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Old 05-16-2012, 11:01 AM
Location: Oregon
56 posts, read 92,866 times
Reputation: 48


Is it because of the "blue bloods". Descendants of Revolutionary heroes?

It seems even with the housing marketing not doing well in general, I know maybe it is improving but houses are still outrageous in Boston. I also know this isn't the only city. I would never consider living in Philly, Baltimore, DC, or NYC.

I want to live in Boston. I currently live on the west coast but I am hoping to move in the near future.

I have looked into moving in the past and it was always too expensive.

Thanks for the input
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Old 05-16-2012, 11:10 AM
17 posts, read 36,769 times
Reputation: 27
It just is! Although there are some places that are less expensive.

Does it have to be the city proper or are nearby places like Medford and Somerville ok?

If you post your budget and what you are looking for (brs, house/condo, parking, transport, etc) people may be able to give you suggestions for neighborhoods or nearby cities and towns.
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Old 05-16-2012, 11:14 AM
1,039 posts, read 2,963,607 times
Reputation: 589
supply and demand
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Old 05-16-2012, 12:20 PM
1,376 posts, read 1,874,712 times
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Ocean to the east.
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Old 05-16-2012, 01:26 PM
Location: East Coast
865 posts, read 2,208,305 times
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Cato and Morris are spot-on. At least for Boston proper, it's on a peninsula, so space (supply) is limited. Think of the other expensive cities like NY (Manhattan is an island) and SF (a peninsula). And demand is high because Boston is a great city with a lot to offer.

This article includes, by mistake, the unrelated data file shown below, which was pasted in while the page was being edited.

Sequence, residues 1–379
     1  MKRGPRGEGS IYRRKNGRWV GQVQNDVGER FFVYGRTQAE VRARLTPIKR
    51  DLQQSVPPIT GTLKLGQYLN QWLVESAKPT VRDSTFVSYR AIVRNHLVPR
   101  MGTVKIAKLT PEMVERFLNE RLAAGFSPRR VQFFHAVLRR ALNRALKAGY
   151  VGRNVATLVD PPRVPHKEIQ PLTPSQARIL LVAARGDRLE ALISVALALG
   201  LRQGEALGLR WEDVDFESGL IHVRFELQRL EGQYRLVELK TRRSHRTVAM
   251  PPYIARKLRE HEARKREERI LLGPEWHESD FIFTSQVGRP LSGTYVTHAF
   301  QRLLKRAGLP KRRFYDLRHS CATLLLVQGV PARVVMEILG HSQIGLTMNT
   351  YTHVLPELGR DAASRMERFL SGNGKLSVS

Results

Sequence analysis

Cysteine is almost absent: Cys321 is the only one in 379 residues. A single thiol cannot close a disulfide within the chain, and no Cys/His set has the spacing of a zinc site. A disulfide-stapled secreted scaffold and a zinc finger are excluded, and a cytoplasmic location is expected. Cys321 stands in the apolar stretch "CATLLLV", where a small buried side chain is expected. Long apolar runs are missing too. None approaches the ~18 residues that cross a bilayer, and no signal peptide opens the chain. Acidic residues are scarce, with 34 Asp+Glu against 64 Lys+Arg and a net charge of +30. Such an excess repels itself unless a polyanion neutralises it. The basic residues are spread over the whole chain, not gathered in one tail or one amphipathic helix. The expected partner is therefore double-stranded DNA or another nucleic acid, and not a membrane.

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Old 05-16-2012, 01:28 PM
Location: a bar
2,539 posts, read 4,735,660 times
Reputation: 2578
Boston.com did a piece on "bargain" towns. Properties avail under $250k.

Bargain towns below $250,000 - Boston.com
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Old 05-16-2012, 01:33 PM
Location: Norman, OK
3,479 posts, read 6,071,459 times
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Partially, the answer is the limited supply of land + housing units. Unfortunately, this cannot explain it all simply because there is not some huge influx of citizens into the state or metro Boston itself. At least, nowhere near levels seen in the Sunbelt or even major cities like New York and Chicago.

The less popular but I believe truer answer is that a large tax burden is needed to supply monies for major government expenditures (state + local). Many of the local level expenditures are to support to strong union contracts in the public sector along with strict regulation enforcements including the ever-so popular 'Garbage Gestapo' who will literally leave your trash in bins or bags that are not placed out according to the approved specs (in special bins or bags or 'mixed recyclables').
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Old 05-16-2012, 01:59 PM
Location: MA/NH
15,698 posts, read 32,616,919 times
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Originally Posted by Cato the Elder View Post
supply and demand